DOMLUR:A tailor is finally getting documents for a flat allotted to him by the Bengaluru Development Authority nearly four decades ago.
When he heard the news at the BDA office earlier this week, P A Chandran (76) burst into tears. But his woes are not over yet.
A family has illegally occupied his house and is refusing to vacate it.
Much of the credit for forcing the BDA into action goes to social worker M A Najeeb, who heads Bidugadeya Chirategalu Karnataka, an organisation that fights for the underpriveleged.
After the group heard about Chandran’s struggle last month, it visited the BDA office about 20 times. “Given the harassment I have suffered at the hands of BDA employees, I thought I would go to my grave without getting my ownership documents,” Chandran told Express through his tears.
The minuscule flat in Domlur was allotted to him under the Economically Weaker Section (EWS) category on November 21, 1977. Located behind the Raghavendra Swami temple in II Phase, it was priced at Rs 17,972.
Chandran had to pay Rs 200 for registration and Rs 5,000 as deposit. Keys were handed to him. The rest was to be paid in instalments.
Over the years
Since Chandran was given accommodation at a tailor shop near Lal Bagh where he worked, he never got to live in his flat.
However, he continued paying BDA the instalments through bank demand drafts. “I could not pay a couple of instalments in 1982 as I was sick and could not work. However, I later paid everything with interest,” he said. He had paid Rs 14,696 by April 1989. Meanwhile, the value of the flat escalated and the price was revised to Rs 41,051. “I received a letter in 1994 stating I had to pay the balance within 45 days if I wanted to take possession of the flat,” he said.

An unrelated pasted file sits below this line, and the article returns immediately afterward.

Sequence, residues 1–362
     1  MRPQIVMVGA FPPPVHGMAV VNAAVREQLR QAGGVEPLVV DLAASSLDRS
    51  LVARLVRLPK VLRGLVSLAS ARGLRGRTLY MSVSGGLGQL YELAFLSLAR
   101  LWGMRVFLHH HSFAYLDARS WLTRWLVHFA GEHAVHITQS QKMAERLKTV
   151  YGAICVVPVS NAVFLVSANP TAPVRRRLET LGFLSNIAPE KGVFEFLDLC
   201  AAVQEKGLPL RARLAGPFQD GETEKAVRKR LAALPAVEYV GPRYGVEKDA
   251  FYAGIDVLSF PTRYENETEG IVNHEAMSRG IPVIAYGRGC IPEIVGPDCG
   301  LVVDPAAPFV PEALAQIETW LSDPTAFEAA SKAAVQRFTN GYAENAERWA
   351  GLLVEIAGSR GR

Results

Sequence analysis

His repeatedly pleaded with the case worker, Muniraju, and undertook countless trips to the BDA to find out how much to pay, but no one responded, he said.
When Express contacted him, Muniraju claimed, “The old file went missing. We could not do anything. It is all fine now.”
Finally, Hemalatha, a sympathetic BDA employee, took pity on him and found out he had to pay Rs 26,355. “I paid this amount on June 13, 2014,” he said, showing photocopies of the DD and the BDA acknowledgement. “It has been a year and a half since that date.”
In desperation, he claims he paid money to Muniraju and a broker called Balakrishnan who offered to help. “I paid Balakrishnan Rs 1.1 lakh after borrowing from friends but he never helped me. I am still paying interest of the loans,” Chandran said.
When Express contacted Balakrishnan, he said, “Yes, 200 per cent I have taken money from Chandran.” He further alleged, “To move a file from one table to another, you need to pay money. You must visit the office in person to understand these things!” A top BDA official admitted off the record, “The tailor has refused to pay bribes. Employees have taken their revenge by removing proof of payment from his files. Since proof was not at hand, we treated the dues as unpaid.” BDA Commissioner T Sham Bhat said, “I have signed the papers a couple of days ago in the name of Chandran.”
Chandran first let his uncle’s family live at his flat without any rent. When they left, he allowed a Kannada teacher to run free classes. “I later gave the keys to a woman to sweep and keep the flat clean. She handed over the flat to someone,” he said. Mohanraj, a man who takes up BDA contracts got wind of Chandran’s situation and occupied the house. “I asked him to leave but he ignored me. He also filed an RTI to see if I had the sale deed. When he realised I didn’t, he handed over the keys to his brother Suresh Kumar, an ambulance driver,” said Chandran. Suresh Kumar’s family filed a case against Chandran alleging he had borrowed money from them. “The sessions court dismissed the case on November 14, 2014, declaring Chandran innocent,” activist Najeeb said. “Once I get the sale deed, I will have ownership proof and can make the family leave,” Chandran said.